This is not too exciting but the fender splash pans need to be redone. Once the old ones were hit with the blaster they curled up.
Here are the new ones. They did a great job.
Who made them for you and how difficult was it? Thanks for allowing
us to be part of your restoration without sharing the tab with us.
I echo Tony’s sentiments. I feel broke just watching, but I am thoroughly enjoying watching you spend your money. Thanks for sharing. I too, would like to know about the apron fabrication. Mine have suffered from serious tinworm attack.
Tony & Bill
I had my local sheet metal shop create a set from another set that were loaned to me (my Series 80 had none).
If your splash pans are in acceptable shape (not falling apart totally), a local tin knocker / sheet metal shop should be able to reproduce them without the tin-worm holes.
I am so fortunate. My restoration guys brother happened to be a metal guy. He does it as a side gig. My guy called him after the aprons did not handle the blasting. His brother knocked them both out in a day. My guy just smiled and said he loves bending metal. I have not received my bill for them yet but will share it once it arrives. My guy said his brother knocks out projects in two hours that takes others eight. I will let you know. The detail in the shields is amazing.
FYI: I live in a small town about an hour away from the big city. The restoration shop is about two miles from me. The mechanic is also about 10 minutes from me. He is a retired mechanic of 40 years. He loves this car
The upholstery shop is only 20 minutes from me. He is sitting patiently for the car. He should have the car early summer of 2016.
I am very fortunate. I would not be able to afford big name restoration shops. They all quoted $300-400,000 min. Bye the time I’m done, I expect to be in the car WITH the price of the car, under 200, maybe 190. . I will let people know so they shop around. People like me that barely can hold a wrench need to stick together.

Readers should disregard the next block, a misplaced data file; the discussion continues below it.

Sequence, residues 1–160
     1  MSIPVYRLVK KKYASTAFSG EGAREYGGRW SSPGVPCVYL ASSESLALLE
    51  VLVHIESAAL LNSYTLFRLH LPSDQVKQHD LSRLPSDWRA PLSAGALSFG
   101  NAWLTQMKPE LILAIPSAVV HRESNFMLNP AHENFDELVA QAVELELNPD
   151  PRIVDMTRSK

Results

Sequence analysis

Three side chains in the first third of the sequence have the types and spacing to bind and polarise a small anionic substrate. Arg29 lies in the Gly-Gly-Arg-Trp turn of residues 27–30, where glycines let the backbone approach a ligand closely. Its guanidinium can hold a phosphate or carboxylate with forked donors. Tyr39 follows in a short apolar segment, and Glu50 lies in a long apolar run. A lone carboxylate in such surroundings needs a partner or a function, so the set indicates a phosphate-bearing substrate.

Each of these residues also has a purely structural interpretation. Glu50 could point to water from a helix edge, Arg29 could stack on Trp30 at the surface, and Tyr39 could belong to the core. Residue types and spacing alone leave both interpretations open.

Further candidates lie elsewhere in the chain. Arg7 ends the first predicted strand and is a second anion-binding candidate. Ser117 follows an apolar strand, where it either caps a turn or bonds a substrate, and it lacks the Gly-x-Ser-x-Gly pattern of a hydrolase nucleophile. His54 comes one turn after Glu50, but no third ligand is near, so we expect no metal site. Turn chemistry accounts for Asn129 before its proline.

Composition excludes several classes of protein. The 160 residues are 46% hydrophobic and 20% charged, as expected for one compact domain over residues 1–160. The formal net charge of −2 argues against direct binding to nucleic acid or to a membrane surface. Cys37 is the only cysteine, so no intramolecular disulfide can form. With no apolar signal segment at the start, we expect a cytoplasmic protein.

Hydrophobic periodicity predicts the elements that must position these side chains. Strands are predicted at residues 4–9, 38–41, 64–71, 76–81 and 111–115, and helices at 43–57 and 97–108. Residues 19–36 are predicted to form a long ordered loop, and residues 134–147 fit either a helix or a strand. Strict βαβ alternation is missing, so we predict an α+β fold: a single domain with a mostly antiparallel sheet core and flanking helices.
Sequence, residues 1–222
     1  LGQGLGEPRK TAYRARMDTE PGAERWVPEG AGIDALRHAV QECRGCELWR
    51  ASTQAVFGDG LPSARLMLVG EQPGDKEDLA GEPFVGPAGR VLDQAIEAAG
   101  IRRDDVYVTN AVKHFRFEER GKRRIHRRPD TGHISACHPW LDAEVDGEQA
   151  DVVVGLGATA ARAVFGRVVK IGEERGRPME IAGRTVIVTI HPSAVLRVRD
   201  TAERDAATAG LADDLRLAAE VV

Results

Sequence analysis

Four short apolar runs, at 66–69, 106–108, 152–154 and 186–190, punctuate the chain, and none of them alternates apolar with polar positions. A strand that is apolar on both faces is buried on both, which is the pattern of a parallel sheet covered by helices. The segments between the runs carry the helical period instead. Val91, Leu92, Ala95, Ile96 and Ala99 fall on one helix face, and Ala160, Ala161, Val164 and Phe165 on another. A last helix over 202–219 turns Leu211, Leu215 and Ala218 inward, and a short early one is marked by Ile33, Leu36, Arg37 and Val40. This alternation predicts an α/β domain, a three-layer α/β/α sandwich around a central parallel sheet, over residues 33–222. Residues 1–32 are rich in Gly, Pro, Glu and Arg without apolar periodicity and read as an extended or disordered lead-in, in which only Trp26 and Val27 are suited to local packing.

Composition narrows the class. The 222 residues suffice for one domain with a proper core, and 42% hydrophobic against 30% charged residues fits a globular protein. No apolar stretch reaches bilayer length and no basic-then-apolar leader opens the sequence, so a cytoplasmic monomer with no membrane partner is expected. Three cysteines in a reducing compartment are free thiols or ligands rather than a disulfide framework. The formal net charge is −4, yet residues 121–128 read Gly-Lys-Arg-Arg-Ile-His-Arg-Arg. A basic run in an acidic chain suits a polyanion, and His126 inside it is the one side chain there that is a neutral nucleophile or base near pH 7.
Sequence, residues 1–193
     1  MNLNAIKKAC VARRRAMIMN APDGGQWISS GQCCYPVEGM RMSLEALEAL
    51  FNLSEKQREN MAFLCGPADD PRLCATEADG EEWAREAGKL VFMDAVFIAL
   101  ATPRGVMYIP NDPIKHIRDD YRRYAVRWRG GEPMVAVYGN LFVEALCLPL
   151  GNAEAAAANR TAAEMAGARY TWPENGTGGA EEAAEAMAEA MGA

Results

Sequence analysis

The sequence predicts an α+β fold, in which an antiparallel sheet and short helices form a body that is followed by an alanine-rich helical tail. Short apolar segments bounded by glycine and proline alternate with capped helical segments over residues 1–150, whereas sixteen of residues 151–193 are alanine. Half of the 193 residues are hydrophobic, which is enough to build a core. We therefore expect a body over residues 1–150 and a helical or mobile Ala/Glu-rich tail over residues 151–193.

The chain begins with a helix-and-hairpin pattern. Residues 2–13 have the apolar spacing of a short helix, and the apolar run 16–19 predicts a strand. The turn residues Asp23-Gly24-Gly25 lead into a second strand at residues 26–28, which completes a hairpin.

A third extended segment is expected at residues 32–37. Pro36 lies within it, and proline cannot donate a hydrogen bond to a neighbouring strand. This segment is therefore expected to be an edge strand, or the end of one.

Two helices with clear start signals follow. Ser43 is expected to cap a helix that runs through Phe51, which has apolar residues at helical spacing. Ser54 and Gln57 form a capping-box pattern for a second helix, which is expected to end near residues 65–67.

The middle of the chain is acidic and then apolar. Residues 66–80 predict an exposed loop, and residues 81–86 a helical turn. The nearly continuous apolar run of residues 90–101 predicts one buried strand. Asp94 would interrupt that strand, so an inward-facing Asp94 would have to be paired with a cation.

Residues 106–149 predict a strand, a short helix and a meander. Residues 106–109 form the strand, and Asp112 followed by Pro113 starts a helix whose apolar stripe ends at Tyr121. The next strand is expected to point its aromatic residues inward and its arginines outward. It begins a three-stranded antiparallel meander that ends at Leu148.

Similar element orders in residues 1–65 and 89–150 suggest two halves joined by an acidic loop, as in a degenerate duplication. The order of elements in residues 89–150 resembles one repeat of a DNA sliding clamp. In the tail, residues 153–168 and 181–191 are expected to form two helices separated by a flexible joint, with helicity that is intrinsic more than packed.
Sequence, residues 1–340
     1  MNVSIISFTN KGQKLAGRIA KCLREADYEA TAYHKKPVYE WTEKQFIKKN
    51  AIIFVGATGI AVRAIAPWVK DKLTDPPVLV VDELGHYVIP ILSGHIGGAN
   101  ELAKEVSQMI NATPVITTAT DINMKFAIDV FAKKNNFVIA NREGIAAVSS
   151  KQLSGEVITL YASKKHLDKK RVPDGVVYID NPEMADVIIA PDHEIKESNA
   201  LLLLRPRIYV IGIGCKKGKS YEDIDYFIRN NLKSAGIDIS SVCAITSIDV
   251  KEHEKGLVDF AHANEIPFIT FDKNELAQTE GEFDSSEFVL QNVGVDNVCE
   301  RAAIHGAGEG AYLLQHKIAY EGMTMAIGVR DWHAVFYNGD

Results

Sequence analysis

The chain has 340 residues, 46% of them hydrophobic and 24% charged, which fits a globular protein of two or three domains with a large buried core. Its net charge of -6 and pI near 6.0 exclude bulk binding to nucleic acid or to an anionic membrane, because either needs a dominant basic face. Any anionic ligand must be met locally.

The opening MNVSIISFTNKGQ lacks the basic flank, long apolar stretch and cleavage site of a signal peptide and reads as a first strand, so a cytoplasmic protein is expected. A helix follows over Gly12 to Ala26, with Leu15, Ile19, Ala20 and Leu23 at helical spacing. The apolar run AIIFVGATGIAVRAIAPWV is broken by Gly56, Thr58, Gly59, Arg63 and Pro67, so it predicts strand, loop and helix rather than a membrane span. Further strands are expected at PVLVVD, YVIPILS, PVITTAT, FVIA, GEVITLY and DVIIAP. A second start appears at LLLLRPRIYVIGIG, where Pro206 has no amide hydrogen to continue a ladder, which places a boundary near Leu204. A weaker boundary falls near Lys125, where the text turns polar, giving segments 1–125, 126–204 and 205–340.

On the upholstery, I’d like to offer a piece of advice. Don’t use foam, either in the seats or in the top pads.
Foam used to have some longevity to it, but since the government has outlawed certain chemicals in foam, it now has a very short life. Wholesale dealers sell foam in years of life, 8 years, 10 years, 12 years, and in modern cars and furniture it makes no difference, but it’s awful stuff to use in a Classic car.
The foam top pads used on modern cars is not sufficient to properly hide arch of top bows, nor will it last.
Hopefully your upholstery guy is old school like me, using only cotton, horsehair, leather, and so forth, the original materials.
Thanks so much. I will inquire of the Upholstry guy on the above state issues. Thsnks once again to all the Puerce members that have corrected me along the way.
I’m so excited that the car is going back together. If anyone thinks something is incorrect don’t hesitate to Tell me. My car will not be concourse but will be neighborhood show beautiful.